Be careful what you ask for

Posted: Aug 13, 2004 12:00 AM

     WASHINGTON -- You wanted campaign finance reform. You got campaign finance reform. McCain-Feingold promised to take the money out of politics. If you believed that, you deserve what you got.

     And what you got is an avalanche of money into politics this year as George Soros, Democratic big shots and, to a lesser extent, Republican money men (Republicans are slower on the uptake) get into the business of ``independent'' political expenditures.

     All that McCain-Feingold did was make it impossible to give huge personal contributions to political parties. But if you have far more money than you can ever hope to spend, what to do? Buy another Gulfstream V? No. Play an even more important role in politics by bankrolling your very own ``527,'' a tax-code loophole that enables the fat cats to fund their own political advertising so long as they do not ``coordinate'' with the candidate.

     The ads have another restriction. They cannot advocate voting for anyone. I love that part, for two reasons. First, it produces comical scripts that say ``President Bush, friend of Halliburton, likes taking food from the mouths of orphans. If you think that this is not nice, write President Bush and tell him so.'' Of course, the ad buyers mean: ``Vote Kerry.'' But they cannot say so.

     Second, I like the poetic justice. The goo-goo do-gooders who endorsed campaign finance reform have another great cause: the awfulness of negative campaigning. Well, they have produced a system now that is practically designed to produce negative ads.

           So first you get Soros-funded Bush-the-monster ads. Now you get the Swift Boat Veterans for Truth ad (and book) accusing Kerry of falsifying his military record.

     The Democrats have reacted to the Swift boat vets with anguished and selective indignation. This assault was bankrolled by rich Bush supporters, they charge. No kidding. Where else would Swift boat vets get the money? With the exception of the romantic few who serially marry millionaire heiresses, Swift boaters are generally of modest means. Where are they going to get the cash to be heard? Harold Ickes?

     The Democrats next charge that the very idea of attacking the military service of a heroic American is disgraceful. On this there are two points. The ``heroic'' part is precisely what is at issue here, and the Swift boat veterans who themselves served honorably have some questions about it.

     More importantly, who brought up Kerry's military record in the first place? If Kerry had not made his Vietnam service the very centerpiece of his campaign -- ``I'm John Kerry and I'm reporting for duty" -- this attack on his record could more justly be deemed scurrilous mud-raking. But if you run as a war hero, your claims of heroism are fair game.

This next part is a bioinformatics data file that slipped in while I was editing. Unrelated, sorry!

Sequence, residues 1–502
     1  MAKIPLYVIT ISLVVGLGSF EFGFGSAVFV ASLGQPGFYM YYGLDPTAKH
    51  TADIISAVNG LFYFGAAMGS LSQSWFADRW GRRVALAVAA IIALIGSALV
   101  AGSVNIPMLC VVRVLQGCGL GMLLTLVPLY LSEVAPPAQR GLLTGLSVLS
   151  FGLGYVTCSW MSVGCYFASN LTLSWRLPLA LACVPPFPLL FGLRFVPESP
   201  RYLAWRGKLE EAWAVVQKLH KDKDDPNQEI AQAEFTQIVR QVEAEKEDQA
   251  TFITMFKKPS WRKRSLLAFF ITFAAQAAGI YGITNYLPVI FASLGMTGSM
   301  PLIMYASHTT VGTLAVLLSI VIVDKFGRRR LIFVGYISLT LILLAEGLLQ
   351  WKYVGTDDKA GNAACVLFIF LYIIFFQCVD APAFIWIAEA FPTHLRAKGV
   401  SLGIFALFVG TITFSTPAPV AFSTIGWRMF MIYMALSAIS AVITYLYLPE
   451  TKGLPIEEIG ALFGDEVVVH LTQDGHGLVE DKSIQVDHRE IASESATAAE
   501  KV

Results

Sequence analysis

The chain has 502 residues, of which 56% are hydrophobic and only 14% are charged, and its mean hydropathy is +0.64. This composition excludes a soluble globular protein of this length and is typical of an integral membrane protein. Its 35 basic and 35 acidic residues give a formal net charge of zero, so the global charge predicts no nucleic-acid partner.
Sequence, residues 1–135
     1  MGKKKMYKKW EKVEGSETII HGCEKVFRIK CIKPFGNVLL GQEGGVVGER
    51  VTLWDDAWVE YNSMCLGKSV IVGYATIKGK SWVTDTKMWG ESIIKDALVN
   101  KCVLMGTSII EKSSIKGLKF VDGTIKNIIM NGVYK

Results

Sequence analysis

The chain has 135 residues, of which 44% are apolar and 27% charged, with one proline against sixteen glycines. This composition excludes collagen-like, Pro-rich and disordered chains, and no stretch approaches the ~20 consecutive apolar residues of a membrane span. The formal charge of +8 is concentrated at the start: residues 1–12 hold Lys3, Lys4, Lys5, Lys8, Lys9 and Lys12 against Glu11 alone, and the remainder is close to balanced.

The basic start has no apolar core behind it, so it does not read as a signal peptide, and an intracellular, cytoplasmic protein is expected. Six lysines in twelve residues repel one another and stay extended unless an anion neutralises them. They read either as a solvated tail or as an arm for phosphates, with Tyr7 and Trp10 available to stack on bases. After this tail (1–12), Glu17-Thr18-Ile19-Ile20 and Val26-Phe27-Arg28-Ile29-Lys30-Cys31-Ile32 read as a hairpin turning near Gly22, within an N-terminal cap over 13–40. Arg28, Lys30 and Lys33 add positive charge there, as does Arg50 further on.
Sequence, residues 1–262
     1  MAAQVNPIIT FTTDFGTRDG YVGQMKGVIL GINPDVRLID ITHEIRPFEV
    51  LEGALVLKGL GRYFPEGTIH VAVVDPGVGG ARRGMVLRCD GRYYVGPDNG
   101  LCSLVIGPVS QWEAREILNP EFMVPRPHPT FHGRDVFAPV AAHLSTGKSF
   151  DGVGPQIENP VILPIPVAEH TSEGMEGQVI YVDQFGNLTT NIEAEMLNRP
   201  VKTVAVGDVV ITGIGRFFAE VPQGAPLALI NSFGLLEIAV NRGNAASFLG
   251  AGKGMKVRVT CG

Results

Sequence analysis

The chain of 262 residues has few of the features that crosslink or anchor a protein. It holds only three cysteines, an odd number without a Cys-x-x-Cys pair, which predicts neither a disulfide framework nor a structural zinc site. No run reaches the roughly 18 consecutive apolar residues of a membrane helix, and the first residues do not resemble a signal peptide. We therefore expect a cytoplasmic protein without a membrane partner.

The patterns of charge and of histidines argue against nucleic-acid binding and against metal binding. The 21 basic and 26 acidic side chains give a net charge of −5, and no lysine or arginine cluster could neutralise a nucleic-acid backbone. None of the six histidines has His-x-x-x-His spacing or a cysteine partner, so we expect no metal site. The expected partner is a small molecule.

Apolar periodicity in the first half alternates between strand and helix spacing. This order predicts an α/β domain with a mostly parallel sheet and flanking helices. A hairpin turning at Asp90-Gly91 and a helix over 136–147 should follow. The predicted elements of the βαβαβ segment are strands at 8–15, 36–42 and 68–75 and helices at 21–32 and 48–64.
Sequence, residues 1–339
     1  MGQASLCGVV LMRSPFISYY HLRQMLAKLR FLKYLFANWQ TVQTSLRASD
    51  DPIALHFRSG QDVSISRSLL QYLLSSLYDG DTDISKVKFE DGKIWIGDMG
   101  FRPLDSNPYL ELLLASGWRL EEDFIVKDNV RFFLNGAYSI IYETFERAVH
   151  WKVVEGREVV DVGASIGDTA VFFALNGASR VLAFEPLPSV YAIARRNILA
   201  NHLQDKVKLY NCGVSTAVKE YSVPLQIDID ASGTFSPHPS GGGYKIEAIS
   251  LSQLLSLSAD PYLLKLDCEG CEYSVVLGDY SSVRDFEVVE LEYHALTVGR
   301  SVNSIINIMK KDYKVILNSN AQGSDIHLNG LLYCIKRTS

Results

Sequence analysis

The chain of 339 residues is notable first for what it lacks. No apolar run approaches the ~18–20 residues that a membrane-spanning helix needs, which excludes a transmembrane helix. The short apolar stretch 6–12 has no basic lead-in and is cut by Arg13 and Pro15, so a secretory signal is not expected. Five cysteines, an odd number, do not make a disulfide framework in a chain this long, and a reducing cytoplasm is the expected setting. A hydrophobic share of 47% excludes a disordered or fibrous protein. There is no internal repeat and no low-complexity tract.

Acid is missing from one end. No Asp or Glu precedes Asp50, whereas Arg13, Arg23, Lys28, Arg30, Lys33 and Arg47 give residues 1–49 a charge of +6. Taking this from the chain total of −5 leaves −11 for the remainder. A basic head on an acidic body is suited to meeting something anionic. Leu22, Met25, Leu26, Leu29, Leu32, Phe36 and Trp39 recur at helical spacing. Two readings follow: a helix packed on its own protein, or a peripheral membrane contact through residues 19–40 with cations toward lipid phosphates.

These vets have the perfect right to publish their book and do their ad. But are they right? Did Kerry rescue Jim Rassmann under fire, as Rassmann recalls, or in perfect calm, as a vet on a nearby Swift boat recalls? We don't know. We can never know. I have no doubt of the sincerity of both recollections, but in the fog of war, as anyone who has read any military history knows, there are wildly varying recollections of what actually happens at the front.

     Politically, though, I think the whole Swift boat campaign is not very smart. It focuses attention on Kerry's one strong point. The man has nothing to say about his next 30 years. His own emphasis on his Vietnam days is a brilliant distraction from his mediocre Senate career and his unbroken string of misjudgments about the national security requirements of the United States: supporting the idiotic nuclear freeze, opposing crucial Pershing II deployments in Europe, opposing support for the Nicaraguan anti-communist insurgency, voting against the first Gulf War, trying to cut post-Cold War intelligence funding. The list is long.

     The Swift boat campaign will not affect swing voters. People will believe what they believe about Kerry at war based on what they previously thought about Kerry. But by drawing attention to Kerry's service, the anti-Kerry vets are playing precisely into his strong suit. If the issue becomes which of the two candidates went to the front in the Vietnam War, Kerry wins.

     I think that in deciding who is the better leader for the country today, the issue is an irrelevance and the argument a distraction. No matter. Under the law, George Bush cannot tell the Swift boat vets to stop even if he wanted to. That's campaign finance reform -- the panacea that took the money out of politics, remember?